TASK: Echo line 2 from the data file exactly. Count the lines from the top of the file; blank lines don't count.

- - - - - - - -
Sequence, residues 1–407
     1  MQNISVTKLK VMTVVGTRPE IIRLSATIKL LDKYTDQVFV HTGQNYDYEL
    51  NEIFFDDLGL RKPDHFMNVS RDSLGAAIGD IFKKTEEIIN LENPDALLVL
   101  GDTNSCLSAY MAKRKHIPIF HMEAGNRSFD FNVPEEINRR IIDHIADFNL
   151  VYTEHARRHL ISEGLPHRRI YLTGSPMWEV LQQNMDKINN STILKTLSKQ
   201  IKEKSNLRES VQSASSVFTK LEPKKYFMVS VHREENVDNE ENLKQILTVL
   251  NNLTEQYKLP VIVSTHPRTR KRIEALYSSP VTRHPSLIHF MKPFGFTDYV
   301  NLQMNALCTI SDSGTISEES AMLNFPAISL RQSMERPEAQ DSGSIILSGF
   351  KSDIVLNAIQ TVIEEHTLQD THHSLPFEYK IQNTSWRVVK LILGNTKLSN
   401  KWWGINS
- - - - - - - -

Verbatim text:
     1  MQNISVTKLK VMTVVGTRPE IIRLSATIKL LDKYTDQVFV HTGQNYDYEL